Any Human Heart- and some of Boyd’s other books
In that gap between Christmas and New Year when I often feel that I should be doing something but am not sure what, I thought that I would pop in a post that is a bit overdue, even with the joys of watching tv on the internet. So, Happy New Year and all that.
Todays’ book is Any Human Heart by William Boyd.
This is the Boyd novel recently dramatised on Channel Four. I really enjoyed the Matthew Macfaden sections, but found the old man sections which the tv version kept cutting to rather distracting. The novel is in the form of several journals kept by the fictional Logan Mountstuart, though throughout his long life he encounters many real characters. This format means that the narrative does not really flow as well as it could. It is also quite a narrow perspective on the events of his life and the people he meets, but an intensely personal record of his rather robust attitudes and outlook on life. The gaps ‘between’ his journals mean that only the major historical or personal events are covered, and many of these are tragic.
I read the book while the series was running. This did mean that I did have the picture of each character dominated by the tv versions, but I could also complare the way that the story was presented. The Duke and Duchess of Windsor were particularly memorable, and the tragedy of Logan’s family in the war was more direct, more understandable. I think that the tv version did simplify the novel sympathetically and worked well, apart from the continuous references to the final section of Logan’s life. The book works because the reader is alongside Logan in discovering what is going on around him, rather than musing on what has been, which seems to be the emphasis of the tv version. The book kept me reading, even if I knew what was about to happen, and despite the fact that I did not always sympathize with the characters. Boyd keeps the tension going well, and says a lot about obsessions and fixations. The book is more complex than the series in many ways, and in a way is more interesting. I would compare it with Anthony Powell’s Dance to the Music of Time which deals with much the same historical experience, but at twelve volumes is a much longer read ( been there, done that). Boyd is a later writer compiling an historical fiction compared with Powell as a contemporary to many of the events he depicts in his novel. Both books/sets of books are work as narrative rather than climatic novels, but both carry the reader through a male dominated story. For a more female based, action novel, I remember reading Boyd’s Restless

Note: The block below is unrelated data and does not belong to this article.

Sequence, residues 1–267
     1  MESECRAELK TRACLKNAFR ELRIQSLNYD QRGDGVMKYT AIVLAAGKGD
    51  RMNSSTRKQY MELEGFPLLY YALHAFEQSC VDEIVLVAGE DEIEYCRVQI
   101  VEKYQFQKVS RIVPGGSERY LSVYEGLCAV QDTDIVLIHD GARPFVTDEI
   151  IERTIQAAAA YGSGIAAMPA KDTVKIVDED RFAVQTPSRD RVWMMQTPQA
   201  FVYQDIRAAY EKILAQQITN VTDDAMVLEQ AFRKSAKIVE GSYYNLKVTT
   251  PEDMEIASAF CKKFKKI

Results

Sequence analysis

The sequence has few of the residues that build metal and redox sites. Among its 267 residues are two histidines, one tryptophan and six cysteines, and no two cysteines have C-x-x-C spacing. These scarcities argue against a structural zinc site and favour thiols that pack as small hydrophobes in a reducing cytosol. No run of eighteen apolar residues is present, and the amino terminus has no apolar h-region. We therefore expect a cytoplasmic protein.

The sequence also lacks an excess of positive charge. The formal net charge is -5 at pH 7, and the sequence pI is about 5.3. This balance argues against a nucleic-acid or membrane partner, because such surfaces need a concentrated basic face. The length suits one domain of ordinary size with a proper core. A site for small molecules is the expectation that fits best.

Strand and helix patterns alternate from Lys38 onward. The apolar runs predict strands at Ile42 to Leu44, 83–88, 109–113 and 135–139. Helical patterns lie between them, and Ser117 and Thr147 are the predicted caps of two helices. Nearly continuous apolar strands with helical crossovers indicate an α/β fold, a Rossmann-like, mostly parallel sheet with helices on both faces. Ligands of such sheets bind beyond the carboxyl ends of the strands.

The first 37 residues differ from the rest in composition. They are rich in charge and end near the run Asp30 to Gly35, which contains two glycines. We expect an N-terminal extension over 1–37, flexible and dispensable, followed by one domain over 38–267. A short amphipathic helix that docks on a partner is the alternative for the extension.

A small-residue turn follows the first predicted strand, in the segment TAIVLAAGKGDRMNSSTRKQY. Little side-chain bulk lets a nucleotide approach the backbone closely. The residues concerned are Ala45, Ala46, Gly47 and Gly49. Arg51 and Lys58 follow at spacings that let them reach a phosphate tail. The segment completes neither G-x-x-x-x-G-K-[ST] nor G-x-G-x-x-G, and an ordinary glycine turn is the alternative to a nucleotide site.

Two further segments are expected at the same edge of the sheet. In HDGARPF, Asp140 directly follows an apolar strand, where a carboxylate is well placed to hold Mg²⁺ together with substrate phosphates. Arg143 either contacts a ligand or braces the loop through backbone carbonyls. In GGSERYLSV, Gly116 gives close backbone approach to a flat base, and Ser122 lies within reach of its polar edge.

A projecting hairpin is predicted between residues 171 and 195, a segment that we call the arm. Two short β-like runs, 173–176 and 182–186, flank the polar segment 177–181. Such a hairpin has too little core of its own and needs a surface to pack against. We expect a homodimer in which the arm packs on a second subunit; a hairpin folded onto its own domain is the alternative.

which is a thriller of wartime espionage written from a woman’s point of view. I really enjoyed this book, and it proves that Boyd can write in a far more taut, exciting way. I have started his latest Ordinary Thunderstorms, but cannot seem to progress with it. Maybe I’ll try again in the new year…